What a Project

In 2012, we were approached by a client of ours, asking if we would design his private home.  At the time, we had completed a few quick service restaurants for him, and were just starting to design his corporate headquarters.  Although we had been focused mainly on hospitality design projects up until that point, he said that he liked our style and that we understood him well, so had confidence in our ability to deliver.  We would soon find out that it wasn't just any home, it was going to be an 18K SF, ground up, 100% custom build-out.  In reality, one could argue that there are blurred lines between hospitality and residential design, especially with a home of this size, and with an open-minded client.

He had started to conceptualize the design, and provided us with a hand sketch of the exterior as he saw it, as well as floorplans of the main level, upper level, basement and sub-basement.  It would include 6 bedroom suites, 3 kitchens, a theater, and several living spaces including a space called a "chowk", which would become the central point of the home.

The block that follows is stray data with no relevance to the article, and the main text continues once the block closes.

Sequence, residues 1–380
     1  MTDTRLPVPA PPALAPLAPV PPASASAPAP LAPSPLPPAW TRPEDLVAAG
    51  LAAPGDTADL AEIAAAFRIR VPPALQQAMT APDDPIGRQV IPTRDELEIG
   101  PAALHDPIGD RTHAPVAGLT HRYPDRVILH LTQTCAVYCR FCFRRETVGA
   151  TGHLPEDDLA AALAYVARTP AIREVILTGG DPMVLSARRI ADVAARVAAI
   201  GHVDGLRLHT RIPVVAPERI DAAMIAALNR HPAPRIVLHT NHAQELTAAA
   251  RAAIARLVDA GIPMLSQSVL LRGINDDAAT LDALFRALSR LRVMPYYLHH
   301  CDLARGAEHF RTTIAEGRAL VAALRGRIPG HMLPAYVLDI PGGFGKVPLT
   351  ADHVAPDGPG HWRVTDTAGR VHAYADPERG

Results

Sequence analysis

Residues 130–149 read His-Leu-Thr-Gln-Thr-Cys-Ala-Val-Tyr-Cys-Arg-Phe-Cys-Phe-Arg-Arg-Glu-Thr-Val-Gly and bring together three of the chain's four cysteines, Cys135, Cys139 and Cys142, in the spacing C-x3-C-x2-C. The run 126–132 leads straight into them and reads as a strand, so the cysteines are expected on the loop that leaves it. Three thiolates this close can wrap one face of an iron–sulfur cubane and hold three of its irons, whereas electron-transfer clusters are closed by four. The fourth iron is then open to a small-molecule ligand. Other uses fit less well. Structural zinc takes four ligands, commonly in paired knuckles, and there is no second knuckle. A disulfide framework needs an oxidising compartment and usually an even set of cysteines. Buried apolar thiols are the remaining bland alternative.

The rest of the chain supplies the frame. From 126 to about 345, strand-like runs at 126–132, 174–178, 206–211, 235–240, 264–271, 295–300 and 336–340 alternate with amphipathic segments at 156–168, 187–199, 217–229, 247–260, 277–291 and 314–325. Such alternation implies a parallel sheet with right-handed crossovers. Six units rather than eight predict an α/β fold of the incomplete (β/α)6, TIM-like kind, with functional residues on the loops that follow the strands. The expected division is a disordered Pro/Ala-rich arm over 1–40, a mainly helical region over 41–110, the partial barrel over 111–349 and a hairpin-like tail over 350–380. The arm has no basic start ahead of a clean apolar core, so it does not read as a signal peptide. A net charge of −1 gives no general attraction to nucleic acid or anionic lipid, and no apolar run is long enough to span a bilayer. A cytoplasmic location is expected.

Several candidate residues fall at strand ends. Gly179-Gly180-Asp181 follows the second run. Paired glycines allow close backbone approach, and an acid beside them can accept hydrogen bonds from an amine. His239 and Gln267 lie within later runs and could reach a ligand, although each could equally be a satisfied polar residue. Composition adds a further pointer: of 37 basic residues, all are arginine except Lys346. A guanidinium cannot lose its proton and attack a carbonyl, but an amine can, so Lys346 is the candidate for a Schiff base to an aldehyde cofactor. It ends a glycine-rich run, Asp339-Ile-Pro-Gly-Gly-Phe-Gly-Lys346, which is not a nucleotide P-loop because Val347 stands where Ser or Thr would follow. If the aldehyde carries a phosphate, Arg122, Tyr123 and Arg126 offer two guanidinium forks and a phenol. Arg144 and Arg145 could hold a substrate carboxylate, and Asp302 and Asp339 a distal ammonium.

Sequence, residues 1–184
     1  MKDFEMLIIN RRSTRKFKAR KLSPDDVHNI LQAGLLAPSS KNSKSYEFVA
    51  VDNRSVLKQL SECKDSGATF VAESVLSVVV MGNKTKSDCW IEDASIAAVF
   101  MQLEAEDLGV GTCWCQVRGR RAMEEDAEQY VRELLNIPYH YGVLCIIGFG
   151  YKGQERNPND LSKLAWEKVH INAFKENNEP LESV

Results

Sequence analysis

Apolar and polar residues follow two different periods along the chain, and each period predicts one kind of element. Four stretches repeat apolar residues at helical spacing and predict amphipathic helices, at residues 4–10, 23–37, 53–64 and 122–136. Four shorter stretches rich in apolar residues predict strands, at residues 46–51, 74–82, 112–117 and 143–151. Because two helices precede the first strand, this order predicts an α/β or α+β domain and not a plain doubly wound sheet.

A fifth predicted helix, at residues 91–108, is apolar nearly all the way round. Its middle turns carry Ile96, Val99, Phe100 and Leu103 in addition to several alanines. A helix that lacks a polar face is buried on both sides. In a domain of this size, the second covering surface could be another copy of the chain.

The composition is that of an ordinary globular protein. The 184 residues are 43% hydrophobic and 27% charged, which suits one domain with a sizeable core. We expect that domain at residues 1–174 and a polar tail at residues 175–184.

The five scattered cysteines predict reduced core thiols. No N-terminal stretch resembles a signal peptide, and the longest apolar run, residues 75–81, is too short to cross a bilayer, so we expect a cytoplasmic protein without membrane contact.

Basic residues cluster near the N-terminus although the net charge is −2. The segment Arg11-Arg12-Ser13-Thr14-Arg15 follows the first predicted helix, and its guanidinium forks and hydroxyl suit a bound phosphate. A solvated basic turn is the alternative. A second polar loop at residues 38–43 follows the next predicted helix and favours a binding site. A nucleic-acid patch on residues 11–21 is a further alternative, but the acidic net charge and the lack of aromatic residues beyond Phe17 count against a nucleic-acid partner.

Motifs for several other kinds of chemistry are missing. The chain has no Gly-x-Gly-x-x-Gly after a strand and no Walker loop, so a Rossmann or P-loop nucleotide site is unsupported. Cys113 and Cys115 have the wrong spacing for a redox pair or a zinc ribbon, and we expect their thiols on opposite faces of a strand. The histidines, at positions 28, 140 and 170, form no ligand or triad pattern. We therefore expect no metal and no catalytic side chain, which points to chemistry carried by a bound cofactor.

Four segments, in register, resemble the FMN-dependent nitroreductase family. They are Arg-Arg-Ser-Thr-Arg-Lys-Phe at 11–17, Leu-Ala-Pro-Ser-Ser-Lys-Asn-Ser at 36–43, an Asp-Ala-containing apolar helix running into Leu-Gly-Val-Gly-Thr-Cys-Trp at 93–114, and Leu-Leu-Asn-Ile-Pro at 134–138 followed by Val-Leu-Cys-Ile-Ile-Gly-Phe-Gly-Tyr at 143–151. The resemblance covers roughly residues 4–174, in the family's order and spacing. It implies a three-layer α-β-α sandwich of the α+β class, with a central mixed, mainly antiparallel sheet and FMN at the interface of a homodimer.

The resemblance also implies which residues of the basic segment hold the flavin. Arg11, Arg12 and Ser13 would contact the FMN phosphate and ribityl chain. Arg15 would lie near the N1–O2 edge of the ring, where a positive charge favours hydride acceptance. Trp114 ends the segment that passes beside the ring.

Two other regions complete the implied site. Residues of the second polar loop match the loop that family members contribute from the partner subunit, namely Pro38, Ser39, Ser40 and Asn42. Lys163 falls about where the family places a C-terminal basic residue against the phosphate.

I imagined the look of the home to be very different than what the client presented to us, and redesigned the exterior in its entirety.  Upon presenting it to him, he remarked that I had changed it so much that he didn't know how to comment about it, and found no way to criticize it.  So, from there, we began in earnest, in the direction that I had set.  

His was a traditional Indian family, and the restaurants that we had designed for him were Indian as well.  But when we were commissioned to conceptualize the restaurants from inception, we took to the library to educate ourselves on the culture, from its depths.  This allowed us to free ourselves from any pretenses that one might have when imagining what "Indian" might look like, and enabled us to play off of certain characteristics that left a mark on us during our research.  Having this background within us served us well as we developed the overall look and feel of his home.  It would be our interpretation of what we had seen, modernized and filtered, but still, somehow, unmistakably Indian.

Next post, I will get into more details of how the project progressed.  Here are a few photos of the final outcome...

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